Line Editing and Copy Editing
A line edit, like a copy edit, occurs later in the process and focuses on the details of execution and the use of language, however, a line edit is in a sense more comprehensive than a copy edit; it addresses the way you handle language to communicate your story at the sentence and paragraph level. Is your language clear, fluid, and pleasurable to read? Does it convey a sense of atmosphere, emotion, and tone? Do the words you’ve chosen convey precise meaning, or are you using clichés? Are there overused words, run-on sentences, or wordy execution? Do you use repetitive sentence structure? Are there redundancies? Can paragraphs be tightened? Is the language bland? Line editing that addresses the page-by-page, sentence-by-sentence content is one of my strongest skill sets—I simply love the precision work of polishing the gem that is the manuscript in the rough, helping an author communicate engagingly, with clarity and elegance.
Copy editing is much more concerned with the technicalities of execution and addresses flaws in grammar, spelling, punctuation, and syntax. Copy editing requires an intense rules-based understanding of American English usage in accordance with the Chicago Manual of Style, the industry standard. Many general editors don’t have this level of familiarity with CMS, but most copy editors—myself included—have CMS committed to memory. Hey, it’s a nerdy occupation, but someone’s got to do it! At a publishing house, the copy editor is usually the last person (before the proofreader) to touch a manuscript before it goes into production.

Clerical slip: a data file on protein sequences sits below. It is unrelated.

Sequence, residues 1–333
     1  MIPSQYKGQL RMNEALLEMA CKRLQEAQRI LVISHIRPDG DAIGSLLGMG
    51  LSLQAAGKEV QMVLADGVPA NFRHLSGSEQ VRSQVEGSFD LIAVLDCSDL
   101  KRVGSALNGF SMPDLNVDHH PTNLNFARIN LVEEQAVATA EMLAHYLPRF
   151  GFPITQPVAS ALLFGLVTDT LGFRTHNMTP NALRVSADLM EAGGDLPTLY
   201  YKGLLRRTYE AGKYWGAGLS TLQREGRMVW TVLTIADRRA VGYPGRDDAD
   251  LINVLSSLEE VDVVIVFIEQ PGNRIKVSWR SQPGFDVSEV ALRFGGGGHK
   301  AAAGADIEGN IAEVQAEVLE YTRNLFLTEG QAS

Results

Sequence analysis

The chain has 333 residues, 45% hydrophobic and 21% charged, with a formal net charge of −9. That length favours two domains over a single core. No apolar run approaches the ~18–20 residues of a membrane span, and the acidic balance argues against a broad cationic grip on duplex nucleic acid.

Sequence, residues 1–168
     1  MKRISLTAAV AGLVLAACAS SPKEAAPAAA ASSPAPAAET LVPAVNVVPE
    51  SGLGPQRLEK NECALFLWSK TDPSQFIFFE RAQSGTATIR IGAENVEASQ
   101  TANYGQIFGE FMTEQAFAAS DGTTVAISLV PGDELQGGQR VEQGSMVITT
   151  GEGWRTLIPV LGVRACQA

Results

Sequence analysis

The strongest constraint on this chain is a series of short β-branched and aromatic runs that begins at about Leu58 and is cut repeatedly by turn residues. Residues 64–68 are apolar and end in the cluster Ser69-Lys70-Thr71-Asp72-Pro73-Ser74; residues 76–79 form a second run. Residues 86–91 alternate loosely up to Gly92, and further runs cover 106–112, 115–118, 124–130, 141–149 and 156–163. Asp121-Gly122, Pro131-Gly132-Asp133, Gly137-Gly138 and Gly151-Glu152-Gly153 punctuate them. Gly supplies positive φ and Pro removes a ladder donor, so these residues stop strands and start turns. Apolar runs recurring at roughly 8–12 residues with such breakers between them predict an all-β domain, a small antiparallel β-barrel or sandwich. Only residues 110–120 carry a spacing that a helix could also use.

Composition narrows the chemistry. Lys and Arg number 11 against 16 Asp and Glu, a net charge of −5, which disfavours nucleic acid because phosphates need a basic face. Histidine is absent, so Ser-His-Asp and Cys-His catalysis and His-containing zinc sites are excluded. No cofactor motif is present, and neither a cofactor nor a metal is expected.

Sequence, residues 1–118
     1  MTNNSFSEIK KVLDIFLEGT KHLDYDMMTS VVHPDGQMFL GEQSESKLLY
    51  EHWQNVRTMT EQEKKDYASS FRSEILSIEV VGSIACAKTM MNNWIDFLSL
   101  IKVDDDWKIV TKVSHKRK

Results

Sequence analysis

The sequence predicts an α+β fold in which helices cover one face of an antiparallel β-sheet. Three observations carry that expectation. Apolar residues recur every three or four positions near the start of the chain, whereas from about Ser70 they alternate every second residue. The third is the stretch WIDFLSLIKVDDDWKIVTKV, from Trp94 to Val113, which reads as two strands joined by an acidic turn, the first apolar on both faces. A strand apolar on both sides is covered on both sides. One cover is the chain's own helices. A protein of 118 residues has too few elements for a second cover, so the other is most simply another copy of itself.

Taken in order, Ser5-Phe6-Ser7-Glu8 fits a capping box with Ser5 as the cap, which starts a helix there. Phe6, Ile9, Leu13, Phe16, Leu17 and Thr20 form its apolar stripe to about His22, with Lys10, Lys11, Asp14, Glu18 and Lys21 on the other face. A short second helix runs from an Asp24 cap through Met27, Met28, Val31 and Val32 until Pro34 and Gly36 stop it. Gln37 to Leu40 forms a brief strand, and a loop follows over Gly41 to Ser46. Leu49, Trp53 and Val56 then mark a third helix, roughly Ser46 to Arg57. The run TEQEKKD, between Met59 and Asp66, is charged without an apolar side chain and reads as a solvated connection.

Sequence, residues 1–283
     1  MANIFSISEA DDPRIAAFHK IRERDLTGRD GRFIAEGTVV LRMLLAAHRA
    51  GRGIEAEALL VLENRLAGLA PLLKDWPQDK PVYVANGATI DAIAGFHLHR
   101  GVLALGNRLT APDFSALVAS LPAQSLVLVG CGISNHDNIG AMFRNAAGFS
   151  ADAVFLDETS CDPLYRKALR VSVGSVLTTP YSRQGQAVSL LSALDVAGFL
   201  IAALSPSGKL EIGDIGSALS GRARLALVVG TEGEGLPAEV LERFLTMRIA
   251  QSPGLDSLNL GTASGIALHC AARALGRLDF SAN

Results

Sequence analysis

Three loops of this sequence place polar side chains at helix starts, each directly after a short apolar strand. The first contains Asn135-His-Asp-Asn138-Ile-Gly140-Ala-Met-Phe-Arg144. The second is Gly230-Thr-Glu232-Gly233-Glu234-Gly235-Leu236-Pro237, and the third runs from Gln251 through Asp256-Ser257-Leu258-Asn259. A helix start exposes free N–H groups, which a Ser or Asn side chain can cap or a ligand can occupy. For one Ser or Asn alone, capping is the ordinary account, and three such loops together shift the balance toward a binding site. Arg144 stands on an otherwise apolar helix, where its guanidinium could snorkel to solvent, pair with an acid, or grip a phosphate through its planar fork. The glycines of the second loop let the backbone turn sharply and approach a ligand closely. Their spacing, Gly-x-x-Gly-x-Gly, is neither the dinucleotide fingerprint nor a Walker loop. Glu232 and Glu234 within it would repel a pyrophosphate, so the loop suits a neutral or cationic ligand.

Sometimes a manuscript will need a complete line edit prior to the copy edit because there are simply too many issues that involve the handling of language, in which case line editing should be done separately from copy editing. I always submit a sample line edit to a client before starting work on a manuscript to make sure the author is in agreement with the goal of this level of editing and satisfied with what I can do. However, in some cases where the manuscript is fairly well-written, only minimal line editing is required prior to a copy edit, so in these cases I will do a bit of both, smoothing out the awkward language while attending to the technicalities prior to production.
Line editing and copy editing involve hands-on work on the manuscript, in which all changes to the text are made in in Microsoft Word’s tracked changes feature.